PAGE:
5 Hiring Mistakes You Must Avoid!
Desperation – I see that most HR folks though talk about careful validation through the entire hiring process however are caught up in meeting the hiring targets. When they push resumes to the line managers, they act more as salesmen for the candidate and seem to provide subtle hints to the manager as to why he/she should be hired. They also end up using assessment tools and other popular methodologies to fool-proof their case. Many I see are just trying to meet their numbers. The problem is while you might be having an immediate vacancy to be filled and the pressure to meet the numbers, you might end up getting loads of profiles on your table just in case something clicks. At times you see managers end up hiring out of sheer fatigue of the whole process and want the whole pain to end. This desperation can get in lot of junk into the system which you will find hard to cope with. You also end up at times ‘justifying’ your hiring decisions even though you know that you have made a mistake. There is a great reluctance to ‘fire’ after a lengthy hiring cycle therefore you end up compromising till it gets to a point where the costs of a wrong hire start hitting you directly. In an organizational context by the time you come to realize this, the damage is done.
Familiarity – While employee referrals are a good way to quickly get people it may not get you a diverse range of people in your team. The problem is accentuated when you incentivize your employees for referral hires. The said employee may create enough background conditions and share information with the referred candidate which may fog the hiring decision. In fact I’ve seen it becomes counter productive at times as at times you end up hiring cause you don’t want to offend your current employee with many rejects of his referrals.
Cultural misfit – In pursuit of meeting business numbers you may end up highly skilled and experienced workers from diverse background who may not necessarily be a culture fit. While it looks all good talking about having a culture and looking for people who fit into it, organizations most often succumb to the pressure of hiring and give the softer aspect of culture a pass. They believe that they can groom the person towards their culture after hiring. Rarely does it succeed. Values are not formed and internalized through a 2 day workshop. It is years of conditioning which you cannot remove soon. When you get cultural misfits you will in the long term face high levels of conflicts and disengagement from the employees. How many of you really hire for a cultural fit and not just provide lip-service?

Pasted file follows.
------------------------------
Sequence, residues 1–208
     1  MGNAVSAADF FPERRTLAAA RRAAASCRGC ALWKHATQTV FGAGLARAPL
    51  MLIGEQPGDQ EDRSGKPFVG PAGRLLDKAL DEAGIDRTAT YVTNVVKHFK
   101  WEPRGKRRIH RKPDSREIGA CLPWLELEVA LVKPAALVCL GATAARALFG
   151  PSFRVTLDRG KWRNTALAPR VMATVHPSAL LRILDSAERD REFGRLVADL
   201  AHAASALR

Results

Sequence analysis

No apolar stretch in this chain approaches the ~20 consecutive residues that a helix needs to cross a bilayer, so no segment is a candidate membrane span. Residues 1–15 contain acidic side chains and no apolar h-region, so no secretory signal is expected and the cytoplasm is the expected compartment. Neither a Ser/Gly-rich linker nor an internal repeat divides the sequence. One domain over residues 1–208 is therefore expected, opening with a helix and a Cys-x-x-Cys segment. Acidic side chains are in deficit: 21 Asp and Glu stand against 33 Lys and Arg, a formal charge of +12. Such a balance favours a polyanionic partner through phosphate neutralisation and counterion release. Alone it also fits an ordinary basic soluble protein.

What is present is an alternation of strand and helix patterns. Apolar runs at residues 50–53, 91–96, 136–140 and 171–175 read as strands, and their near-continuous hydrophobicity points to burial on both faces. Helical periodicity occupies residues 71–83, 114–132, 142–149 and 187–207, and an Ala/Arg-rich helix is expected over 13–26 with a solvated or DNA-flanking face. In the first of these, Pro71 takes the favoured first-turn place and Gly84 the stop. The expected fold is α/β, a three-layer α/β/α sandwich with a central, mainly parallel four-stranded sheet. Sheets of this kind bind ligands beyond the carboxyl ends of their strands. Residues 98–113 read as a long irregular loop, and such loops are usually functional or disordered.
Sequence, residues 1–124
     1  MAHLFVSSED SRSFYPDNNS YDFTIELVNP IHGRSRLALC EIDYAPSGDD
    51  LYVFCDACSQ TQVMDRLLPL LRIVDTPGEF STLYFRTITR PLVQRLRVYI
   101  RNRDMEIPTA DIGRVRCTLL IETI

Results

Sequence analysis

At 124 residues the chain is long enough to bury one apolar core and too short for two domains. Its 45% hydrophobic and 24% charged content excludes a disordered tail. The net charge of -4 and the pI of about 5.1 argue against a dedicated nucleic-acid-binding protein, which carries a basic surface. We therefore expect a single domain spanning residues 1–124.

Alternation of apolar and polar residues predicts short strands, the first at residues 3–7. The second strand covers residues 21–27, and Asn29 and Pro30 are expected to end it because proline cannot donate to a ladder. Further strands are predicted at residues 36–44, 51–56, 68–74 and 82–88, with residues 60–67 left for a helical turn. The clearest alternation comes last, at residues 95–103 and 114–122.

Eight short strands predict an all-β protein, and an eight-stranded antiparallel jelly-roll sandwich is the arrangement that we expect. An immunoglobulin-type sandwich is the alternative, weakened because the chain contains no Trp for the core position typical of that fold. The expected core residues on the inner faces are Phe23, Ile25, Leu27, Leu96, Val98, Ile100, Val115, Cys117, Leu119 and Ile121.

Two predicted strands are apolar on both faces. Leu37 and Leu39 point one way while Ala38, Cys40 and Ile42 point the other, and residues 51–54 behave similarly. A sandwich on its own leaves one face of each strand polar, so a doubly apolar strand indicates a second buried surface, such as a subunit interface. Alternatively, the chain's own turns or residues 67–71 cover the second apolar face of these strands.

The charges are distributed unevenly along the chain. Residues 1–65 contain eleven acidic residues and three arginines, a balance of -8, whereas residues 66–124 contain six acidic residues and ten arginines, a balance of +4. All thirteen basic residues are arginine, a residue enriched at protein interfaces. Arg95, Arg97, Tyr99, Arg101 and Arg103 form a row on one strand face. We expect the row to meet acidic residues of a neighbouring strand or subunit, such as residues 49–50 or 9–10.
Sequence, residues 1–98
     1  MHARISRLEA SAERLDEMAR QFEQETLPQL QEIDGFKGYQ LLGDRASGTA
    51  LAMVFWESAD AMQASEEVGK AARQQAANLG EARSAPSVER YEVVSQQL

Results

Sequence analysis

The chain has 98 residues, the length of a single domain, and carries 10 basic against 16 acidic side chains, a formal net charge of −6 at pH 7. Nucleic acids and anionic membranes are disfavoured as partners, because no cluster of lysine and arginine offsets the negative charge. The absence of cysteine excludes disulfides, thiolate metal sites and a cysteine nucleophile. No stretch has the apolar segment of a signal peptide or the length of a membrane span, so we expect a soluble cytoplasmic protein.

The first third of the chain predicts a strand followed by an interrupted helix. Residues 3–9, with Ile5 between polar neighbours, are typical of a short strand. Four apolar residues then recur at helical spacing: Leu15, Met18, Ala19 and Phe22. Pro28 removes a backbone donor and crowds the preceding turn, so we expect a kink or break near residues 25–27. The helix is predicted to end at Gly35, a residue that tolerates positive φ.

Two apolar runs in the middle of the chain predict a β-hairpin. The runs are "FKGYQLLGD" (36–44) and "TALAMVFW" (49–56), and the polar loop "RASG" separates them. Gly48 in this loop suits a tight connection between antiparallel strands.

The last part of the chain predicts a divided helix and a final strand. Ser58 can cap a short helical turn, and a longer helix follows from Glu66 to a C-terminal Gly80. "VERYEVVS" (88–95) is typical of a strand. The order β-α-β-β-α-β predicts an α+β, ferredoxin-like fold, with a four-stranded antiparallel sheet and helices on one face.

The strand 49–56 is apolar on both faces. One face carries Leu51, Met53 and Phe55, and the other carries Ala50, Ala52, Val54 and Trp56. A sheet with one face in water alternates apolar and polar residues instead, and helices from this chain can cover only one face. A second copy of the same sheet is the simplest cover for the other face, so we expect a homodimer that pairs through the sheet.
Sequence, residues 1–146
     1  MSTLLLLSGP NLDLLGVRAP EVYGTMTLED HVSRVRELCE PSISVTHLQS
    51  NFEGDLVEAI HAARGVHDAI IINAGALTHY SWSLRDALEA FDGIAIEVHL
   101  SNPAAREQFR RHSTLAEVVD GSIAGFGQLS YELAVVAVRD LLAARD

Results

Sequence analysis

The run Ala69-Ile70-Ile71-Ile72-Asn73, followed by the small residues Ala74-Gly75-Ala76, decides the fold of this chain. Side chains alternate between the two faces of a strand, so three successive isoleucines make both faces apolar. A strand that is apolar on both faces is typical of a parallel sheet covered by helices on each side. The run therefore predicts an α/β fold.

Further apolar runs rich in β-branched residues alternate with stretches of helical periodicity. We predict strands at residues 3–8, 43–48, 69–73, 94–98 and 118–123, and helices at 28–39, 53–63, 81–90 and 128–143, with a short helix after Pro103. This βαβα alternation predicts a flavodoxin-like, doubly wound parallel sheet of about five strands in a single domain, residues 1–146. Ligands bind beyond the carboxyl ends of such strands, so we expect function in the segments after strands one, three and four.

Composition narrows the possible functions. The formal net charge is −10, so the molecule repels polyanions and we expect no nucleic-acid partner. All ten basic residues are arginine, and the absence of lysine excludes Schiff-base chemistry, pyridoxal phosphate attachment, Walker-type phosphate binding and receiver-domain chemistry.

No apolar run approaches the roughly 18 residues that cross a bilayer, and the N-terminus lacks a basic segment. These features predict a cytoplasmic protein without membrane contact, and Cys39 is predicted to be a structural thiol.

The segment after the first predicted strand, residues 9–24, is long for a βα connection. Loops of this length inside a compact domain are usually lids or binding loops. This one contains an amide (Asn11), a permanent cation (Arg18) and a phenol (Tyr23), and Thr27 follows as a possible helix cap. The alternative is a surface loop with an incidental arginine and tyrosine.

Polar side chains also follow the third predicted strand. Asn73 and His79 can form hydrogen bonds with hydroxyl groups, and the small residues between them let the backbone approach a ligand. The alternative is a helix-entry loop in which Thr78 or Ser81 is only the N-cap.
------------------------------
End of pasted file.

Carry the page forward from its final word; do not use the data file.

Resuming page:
Reference check as a formality – I get many calls from prospective employers about a candidate and the kind of questions they ask always gives me a feeling that they have already made their decision. Reference check is mostly a formality and waste of time both for them and myself. They rarely ask questions which direct towards ‘the challenges I have faced working with this person’ or the difficulty which I would have seen in the candidates work. The other challenge is that most of the references given by the candidate are the ones who know them well and the candidate is himself confident that they will get a great referral. The problem is that all of us know about this but still succumb to the same mistake. It is preferring ‘slow-death’ over ‘deep-change’ in our approach to background checks.
Interviewer bias – I for one advocate that the Managers in whose team the prospective candidate is to be hired should not be interviewing the candidate. You find that most Managers are biased towards people who they connect with personally or are either like them or inferior to them in skills. I’ve seen especially when the candidate is seemingly more experienced or skilled than the Manager, he will surely feel threatened and may not be comfortable hiring. The organization loses quite a talented individual because of the interviewer bias. You should start hiring like they do in the centralized recruiting agencies like the armed forces etc., where the team leader is just provided with the recruit who he would have never met before or worked with. This goes a long way in cutting the bias. Try with one if you have the courage to take this route and see the difference.